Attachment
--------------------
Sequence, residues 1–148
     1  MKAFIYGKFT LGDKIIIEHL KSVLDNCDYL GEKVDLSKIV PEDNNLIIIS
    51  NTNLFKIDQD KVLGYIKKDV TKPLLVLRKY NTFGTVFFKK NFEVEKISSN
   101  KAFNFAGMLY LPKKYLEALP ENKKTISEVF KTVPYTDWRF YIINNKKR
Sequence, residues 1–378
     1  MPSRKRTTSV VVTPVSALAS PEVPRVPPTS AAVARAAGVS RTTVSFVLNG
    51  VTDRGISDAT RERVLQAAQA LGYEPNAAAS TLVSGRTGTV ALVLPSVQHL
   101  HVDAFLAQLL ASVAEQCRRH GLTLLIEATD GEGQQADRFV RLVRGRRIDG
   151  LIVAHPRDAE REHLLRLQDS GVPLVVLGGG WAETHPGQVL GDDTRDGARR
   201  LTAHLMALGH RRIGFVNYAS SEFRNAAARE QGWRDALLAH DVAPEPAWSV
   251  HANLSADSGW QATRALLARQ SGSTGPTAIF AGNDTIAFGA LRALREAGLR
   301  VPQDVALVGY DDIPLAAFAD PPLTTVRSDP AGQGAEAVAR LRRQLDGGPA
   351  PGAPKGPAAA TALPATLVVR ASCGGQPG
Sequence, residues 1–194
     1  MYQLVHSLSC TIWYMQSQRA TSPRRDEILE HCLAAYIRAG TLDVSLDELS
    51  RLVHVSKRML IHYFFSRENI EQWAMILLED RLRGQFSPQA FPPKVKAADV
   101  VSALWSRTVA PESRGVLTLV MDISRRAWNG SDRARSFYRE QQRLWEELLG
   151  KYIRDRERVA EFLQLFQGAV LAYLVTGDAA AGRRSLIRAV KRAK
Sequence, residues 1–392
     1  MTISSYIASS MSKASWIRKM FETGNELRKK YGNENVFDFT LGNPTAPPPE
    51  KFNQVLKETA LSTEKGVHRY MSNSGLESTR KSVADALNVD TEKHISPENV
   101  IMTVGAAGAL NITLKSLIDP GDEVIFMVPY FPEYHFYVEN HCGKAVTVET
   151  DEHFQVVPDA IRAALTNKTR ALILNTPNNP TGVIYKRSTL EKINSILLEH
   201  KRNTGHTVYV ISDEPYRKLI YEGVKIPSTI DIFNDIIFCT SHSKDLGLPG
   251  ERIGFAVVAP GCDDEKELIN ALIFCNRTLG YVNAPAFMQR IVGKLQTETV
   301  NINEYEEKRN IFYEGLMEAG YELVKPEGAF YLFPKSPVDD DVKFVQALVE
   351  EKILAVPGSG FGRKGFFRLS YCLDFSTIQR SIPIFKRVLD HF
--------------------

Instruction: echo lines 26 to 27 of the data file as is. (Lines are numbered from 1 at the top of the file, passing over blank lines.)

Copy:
   301  NINEYEEKRN IFYEGLMEAG YELVKPEGAF YLFPKSPVDD DVKFVQALVE
   351  EKILAVPGSG FGRKGFFRLS YCLDFSTIQR SIPIFKRVLD HF